Slovenia pledged to sell 15 state firms and raise VAT on Thursday in a desperate bid to avoid an international bailout, but gave little detail and delayed the spending cuts investors say are needed to stabilise its finances, Reuters reported. The much-anticipated package offered no timeframe for the sell-off of state firms including the country's second largest bank, its biggest telecoms operator and the national airline. Nor did it say how much they were worth. It also said cuts to the public sector wage bill would have to await the outcome of negotiations with unions. The former Yugoslav republic was a trailblazer for ex-Communist eastern Europe when it joined the euro zone in 2007 as the bloc's fastest growing economy. Buoyed by exports of Renault cars, household appliances and pharmaceuticals, successive governments shied away from the unpopular sale of state assets, including the country's biggest banks, and reform of the welfare system and rigid labour market. Exports hit a wall with the onset of the global crisis, driving up bad loans, borrowing costs and exposing widespread cronyism and corruption that saw disastrous loans made to politically-connected businessmen. Prime Minister Alenka Bratusek said the package, which includes a rise in value added tax from July 1 to 22 percent from 20 percent, would be enough to prevent the tiny Alpine country following Cyprus in the euro zone queue for a bailout from the European Union and International Monetary Fund. Read more.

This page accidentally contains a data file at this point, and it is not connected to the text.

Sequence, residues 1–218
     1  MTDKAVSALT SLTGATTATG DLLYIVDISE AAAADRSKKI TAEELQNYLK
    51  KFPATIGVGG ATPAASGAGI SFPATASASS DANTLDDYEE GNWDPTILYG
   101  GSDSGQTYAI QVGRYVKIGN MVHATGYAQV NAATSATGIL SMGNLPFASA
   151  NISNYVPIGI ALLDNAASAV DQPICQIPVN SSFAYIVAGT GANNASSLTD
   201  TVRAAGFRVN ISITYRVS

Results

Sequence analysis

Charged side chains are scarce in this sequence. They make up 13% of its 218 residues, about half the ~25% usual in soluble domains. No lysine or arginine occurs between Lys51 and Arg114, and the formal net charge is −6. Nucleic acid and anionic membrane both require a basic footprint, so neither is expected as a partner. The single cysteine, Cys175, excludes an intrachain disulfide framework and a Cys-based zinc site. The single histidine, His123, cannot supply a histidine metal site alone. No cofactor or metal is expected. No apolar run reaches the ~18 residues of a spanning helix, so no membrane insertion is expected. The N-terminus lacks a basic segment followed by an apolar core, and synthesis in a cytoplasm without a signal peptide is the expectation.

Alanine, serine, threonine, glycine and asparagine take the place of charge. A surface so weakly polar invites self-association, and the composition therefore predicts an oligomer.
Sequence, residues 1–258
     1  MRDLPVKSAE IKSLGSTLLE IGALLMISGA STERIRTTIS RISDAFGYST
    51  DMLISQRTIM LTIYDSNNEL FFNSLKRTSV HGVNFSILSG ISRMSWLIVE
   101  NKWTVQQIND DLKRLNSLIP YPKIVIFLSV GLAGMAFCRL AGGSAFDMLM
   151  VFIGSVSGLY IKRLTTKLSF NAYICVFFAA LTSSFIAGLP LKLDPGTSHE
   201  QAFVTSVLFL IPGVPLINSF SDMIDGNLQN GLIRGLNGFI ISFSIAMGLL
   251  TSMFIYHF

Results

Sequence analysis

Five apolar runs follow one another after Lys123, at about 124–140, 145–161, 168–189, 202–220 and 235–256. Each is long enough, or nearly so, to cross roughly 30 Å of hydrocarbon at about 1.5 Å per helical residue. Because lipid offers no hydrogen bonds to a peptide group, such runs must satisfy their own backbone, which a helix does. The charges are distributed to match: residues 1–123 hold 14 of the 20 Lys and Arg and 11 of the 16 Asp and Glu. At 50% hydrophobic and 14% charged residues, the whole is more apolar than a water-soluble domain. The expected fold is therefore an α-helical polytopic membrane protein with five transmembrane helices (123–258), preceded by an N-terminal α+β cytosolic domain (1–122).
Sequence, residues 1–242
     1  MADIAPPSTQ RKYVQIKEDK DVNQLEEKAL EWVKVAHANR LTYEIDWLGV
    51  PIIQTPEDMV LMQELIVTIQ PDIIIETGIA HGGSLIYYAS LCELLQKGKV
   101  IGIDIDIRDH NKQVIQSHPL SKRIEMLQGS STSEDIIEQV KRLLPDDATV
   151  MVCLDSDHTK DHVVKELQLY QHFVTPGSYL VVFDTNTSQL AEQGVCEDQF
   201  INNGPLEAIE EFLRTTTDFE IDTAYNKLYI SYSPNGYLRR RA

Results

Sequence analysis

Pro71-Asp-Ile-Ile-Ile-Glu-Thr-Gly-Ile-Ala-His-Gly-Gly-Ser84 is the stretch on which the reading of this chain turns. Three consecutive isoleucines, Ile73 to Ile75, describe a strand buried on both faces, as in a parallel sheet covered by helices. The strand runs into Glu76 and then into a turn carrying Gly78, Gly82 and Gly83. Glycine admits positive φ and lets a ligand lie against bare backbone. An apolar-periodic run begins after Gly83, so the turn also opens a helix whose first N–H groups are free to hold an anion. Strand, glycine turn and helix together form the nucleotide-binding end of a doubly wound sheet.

Canadians keep getting new credit cards. And, despite all the worries about record-high household debt, they keep paying them off, The Wall Street Journal Real Time Canada blog reported. Overall consumer credit, excluding mortgages, has grown robustly in the years since 2009, but delinquency and default rates have remained at low levels, according to credit-card data released Thursday by credit rater Equifax and Moody's Analytics. Although outstanding balances on credit cards have been flat or falling over the past year, the amount of available credit outstanding grew 2.2%, the report says. “The total number of open accounts has grown even more swiftly, expanding at a 3% rate,” it adds. Moody’s models indicate credit delinquency rates will continue their current downward trajectory, bottoming out at 3% of all outstanding balances over the next year. But, like many other observers of Canada’s economy, Moody’s sees considerable risk Canada’s highly leveraged households will run into problems if the economy weakens. “Should the situation deteriorate, [default] rates could rise to 4.5% or even 5%, surpassing those of 2009,” the report warns. Read more. (Subscription required.)